Have you ever jumped into your car’s seat in a rush to get to work and turned the ignition but nothing happened? Maybe a few stray or click engine sputters happened, but the car didn’t start! Much has been written and said about car batteries and how to jump-start a dead one. You can instantly fix the issue: jumping the engine and hit the road in no time flat if you do have the right tools and a little bit of knowledge.
How long to jump a car battery
It takes a few minutes to jump a car battery. Get prepared with a good set of jumper cables and follow the below tips.
1. Park the automotive next to each other
Bring the functioning car close to the defective vehicle but not touching each other. For an automatic transmission, set the cars in park while for manual transmission put the cars to neutral. Remember to turn off (with the keys removed) the car and brakes fixed. Then place jump cables in order avoiding their contact to prevent sparkling.
2. Attach the jumper cables
Open the hoods and attach each jump cable to the correct and clean battery terminals based on their coding (+ve and –ve polarities) by following instructions. Attach the positive clamp to the dead battery red (+) terminal and the other red clap to the working battery's positive terminal. Ensure the connection is stable to avoid clamps wiggling. Attach the partnered black (-) clamp on the working battery negative terminal, and attach the partnered negative clamp to a clean nut or bolt of your cars engine block.
The negative jumper cable of the dead car should be connected to a metal car part car like a shiny, clean and unpainted engine bolt to facilitate safe jump.
3. Charge then jump
Turn on the working car engine and let it run for at least a minute for it to work effectively. Now try starting the dead vehicle, and it doesn’t start, give the working vehicle some additional time to charge the battery before attempting to start again. If the car doesn’t turn on during the second attempt, try revving the working engine as you charge the dead car battery.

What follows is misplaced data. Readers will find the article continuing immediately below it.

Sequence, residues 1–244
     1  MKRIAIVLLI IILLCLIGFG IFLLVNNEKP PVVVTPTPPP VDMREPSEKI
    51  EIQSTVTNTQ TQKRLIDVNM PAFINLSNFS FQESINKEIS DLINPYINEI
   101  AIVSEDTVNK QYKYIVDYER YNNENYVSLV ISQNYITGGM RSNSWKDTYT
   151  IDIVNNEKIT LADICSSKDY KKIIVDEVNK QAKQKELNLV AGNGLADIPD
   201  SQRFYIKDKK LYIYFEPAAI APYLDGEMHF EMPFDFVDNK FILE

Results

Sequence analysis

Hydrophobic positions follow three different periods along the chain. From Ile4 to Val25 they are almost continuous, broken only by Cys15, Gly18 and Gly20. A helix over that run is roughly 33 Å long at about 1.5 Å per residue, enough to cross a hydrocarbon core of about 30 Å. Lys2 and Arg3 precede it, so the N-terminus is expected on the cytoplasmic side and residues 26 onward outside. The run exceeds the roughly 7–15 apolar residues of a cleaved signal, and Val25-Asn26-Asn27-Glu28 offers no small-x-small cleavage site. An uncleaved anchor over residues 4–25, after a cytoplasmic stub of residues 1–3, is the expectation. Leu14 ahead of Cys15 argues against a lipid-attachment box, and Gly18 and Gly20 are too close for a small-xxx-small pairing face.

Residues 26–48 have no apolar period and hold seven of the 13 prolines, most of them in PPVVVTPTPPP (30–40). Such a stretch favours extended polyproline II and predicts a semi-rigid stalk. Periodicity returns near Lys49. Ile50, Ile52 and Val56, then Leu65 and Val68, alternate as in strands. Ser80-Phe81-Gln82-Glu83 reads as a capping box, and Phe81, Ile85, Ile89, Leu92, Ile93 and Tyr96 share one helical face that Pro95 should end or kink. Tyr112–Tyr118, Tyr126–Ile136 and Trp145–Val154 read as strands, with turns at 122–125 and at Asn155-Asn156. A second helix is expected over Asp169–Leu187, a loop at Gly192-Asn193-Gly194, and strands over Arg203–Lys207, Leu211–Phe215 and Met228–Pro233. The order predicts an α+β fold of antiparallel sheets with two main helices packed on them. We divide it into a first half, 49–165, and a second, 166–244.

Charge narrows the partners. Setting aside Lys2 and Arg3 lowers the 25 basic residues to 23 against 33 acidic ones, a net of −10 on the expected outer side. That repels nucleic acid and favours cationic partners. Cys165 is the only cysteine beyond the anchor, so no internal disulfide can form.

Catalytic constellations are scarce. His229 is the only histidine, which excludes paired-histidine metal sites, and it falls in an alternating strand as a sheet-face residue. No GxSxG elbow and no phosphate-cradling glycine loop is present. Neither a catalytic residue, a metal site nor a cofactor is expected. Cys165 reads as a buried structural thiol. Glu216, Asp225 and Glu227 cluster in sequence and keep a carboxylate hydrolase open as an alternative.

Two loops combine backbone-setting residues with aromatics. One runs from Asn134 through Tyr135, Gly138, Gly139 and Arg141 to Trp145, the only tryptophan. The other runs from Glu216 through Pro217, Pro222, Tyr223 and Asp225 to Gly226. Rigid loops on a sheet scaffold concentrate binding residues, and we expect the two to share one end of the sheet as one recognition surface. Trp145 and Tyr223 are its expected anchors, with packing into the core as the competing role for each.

If the jump doesn’t work after many attempts or if the dead vehicle starts but then dies again, start addressing other issues like a faulty alternator, ignition switch, starter connection or fuses. Most batteries last 4 to 6 years hence if yours is old replace it.
Disconnect the black jumper clamps first followed by the red ones after the dead car starts running. Don’t let the clamps come into contact at any cost. Next, take a short drive to allow charging the jumped battery: the short drive helps the car's alternator to charge the battery making sure that the vehicle doesn’t die again once turned off.
In a nutshell, the above information will help you. Keep in mind that today’s cars are very complex machines: if you don’t have a little bit of knowledge, consult the experts to help jump your car battery.